Tennis equipment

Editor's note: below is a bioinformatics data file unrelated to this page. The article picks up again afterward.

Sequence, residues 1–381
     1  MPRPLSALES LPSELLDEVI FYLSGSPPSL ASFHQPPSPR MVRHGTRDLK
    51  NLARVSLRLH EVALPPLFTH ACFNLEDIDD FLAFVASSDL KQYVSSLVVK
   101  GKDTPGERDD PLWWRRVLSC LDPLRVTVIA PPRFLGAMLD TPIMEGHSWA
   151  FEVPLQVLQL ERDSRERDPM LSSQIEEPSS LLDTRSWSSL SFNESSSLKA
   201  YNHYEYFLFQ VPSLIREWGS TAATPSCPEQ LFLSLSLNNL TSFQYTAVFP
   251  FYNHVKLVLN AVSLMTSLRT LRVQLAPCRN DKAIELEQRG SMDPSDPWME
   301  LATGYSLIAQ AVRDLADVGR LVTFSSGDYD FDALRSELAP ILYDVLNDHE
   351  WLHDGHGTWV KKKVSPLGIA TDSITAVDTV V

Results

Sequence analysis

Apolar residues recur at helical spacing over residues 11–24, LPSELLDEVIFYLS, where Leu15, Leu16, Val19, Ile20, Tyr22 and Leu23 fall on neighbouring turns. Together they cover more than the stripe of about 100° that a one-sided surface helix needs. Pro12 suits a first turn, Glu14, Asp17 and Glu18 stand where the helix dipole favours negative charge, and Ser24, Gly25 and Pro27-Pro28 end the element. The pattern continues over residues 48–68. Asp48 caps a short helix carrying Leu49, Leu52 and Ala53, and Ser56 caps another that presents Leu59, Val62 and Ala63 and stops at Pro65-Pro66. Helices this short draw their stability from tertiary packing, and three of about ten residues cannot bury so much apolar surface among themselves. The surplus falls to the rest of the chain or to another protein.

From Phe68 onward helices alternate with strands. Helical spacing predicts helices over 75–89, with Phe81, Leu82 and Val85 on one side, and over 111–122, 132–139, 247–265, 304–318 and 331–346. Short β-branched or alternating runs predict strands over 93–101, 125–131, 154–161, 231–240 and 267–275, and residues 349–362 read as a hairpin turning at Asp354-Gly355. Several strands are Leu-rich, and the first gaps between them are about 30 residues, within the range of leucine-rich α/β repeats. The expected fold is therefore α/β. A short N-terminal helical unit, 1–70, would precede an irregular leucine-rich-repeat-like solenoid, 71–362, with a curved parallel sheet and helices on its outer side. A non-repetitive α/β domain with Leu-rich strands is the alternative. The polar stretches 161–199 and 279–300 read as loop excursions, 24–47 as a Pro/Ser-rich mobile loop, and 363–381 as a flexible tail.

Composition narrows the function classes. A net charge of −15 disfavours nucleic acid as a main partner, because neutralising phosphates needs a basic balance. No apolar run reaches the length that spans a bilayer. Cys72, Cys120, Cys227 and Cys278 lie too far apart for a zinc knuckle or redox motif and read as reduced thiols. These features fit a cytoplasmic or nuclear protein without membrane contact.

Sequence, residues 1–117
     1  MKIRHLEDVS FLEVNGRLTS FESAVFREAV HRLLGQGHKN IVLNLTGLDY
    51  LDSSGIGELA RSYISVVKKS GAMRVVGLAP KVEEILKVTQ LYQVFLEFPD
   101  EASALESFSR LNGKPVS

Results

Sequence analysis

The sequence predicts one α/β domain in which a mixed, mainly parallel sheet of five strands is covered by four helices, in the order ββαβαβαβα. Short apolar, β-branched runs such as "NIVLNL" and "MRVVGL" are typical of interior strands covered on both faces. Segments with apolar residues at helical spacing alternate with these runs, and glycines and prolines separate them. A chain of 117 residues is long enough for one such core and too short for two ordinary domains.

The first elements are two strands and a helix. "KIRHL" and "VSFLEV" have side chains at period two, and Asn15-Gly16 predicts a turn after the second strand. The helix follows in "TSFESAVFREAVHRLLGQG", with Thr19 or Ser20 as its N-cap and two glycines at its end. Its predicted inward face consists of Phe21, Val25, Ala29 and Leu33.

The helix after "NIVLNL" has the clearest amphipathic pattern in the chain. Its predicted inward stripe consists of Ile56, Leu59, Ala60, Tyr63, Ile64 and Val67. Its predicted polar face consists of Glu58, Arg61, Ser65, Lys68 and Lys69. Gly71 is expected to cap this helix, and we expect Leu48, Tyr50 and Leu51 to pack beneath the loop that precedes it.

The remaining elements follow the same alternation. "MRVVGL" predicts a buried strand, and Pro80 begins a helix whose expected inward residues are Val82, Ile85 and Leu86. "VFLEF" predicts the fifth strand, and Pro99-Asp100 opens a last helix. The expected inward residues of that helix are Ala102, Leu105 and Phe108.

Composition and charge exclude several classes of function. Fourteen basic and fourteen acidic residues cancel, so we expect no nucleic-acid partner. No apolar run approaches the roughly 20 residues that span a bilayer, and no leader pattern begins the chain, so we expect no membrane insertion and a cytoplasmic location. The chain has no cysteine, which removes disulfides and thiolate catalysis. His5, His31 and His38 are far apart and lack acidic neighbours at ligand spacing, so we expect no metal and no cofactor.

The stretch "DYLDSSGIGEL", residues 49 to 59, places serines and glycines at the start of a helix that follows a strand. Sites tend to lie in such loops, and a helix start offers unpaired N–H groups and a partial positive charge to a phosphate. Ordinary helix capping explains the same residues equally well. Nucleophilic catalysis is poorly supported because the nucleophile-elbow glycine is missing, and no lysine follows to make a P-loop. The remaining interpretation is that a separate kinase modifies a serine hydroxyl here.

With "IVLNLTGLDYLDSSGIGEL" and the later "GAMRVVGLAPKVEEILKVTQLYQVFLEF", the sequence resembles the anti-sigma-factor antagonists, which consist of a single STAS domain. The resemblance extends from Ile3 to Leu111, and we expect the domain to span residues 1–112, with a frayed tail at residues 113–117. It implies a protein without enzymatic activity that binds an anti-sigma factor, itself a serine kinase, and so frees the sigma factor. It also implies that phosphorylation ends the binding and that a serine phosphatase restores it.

The components of a tennis racket include a handle, known as the grip, connected to a neck which joins a roughly elliptical frame that holds a matrix of tightly pulled strings. For the first 100 years of the modern game, rackets were of wood and of standard size, and strings were of animal gut. Laminated wood construction yielded more strength in rackets used through most of the 20th century until first metal and then composites of carbon graphite, ceramics, and lighter metals such as titanium were introduced. These stronger materials enabled the production of oversized rackets that yielded yet more power. Meanwhile technology led to the use of synthetic strings that match the feel of gut yet with added durability. Under modern rules of tennis, the rackets must adhere to the following guidelines;[34] The hitting area, composed of the strings, must be flat and generally uniform. The frame of the hitting area may not be more than 29 inches in length and 12.5 inches in width. The entire rackets must be of a fixed shape, size, weight, and weight distribution. There may not be any energy source built into the rackets. The rackets must not provide any kind of communication, instruction or advice to the player during the match. The rules regarding rackets have changed over time, as material and engineering advances have been made. For example, the maximum length of the frame had been 32 inches until 1997, when it was shortened to 29 inches.[35] Balls A Penn tennis ball. Main article: Tennis ball Tennis balls are of hollow rubber with a felt coating. Traditionally white, the predominant color was gradually changed to Optic Yellow in the latter part of the 20th century to allow for improved visibility. Tennis balls must conform to certain criteria for size, weight, deformation, and bounce criteria to be approved for regulation play. The International Tennis Federation (ITF) defines the official diameter as 65.41-68.58 mm (2.575-2.700 inches). Balls must weigh between 56.0 g and 59.4 g (1.975-2.095 ounces).[36] Miscellaneous Advanced players improve their performance through a number of accoutrements. Vibration dampers may be interlaced in the proximal part of the string array for improved feel. Racket handles may be customized with absorbent or rubber-like materials to improve the players' grip. Players often use sweat bands on their wrists to keep their hands dry as well. Finally, although the game can be played in a variety of shoes, specialized tennis shoes have wide, flat soles for stability and a built-up front structure to avoid excess wear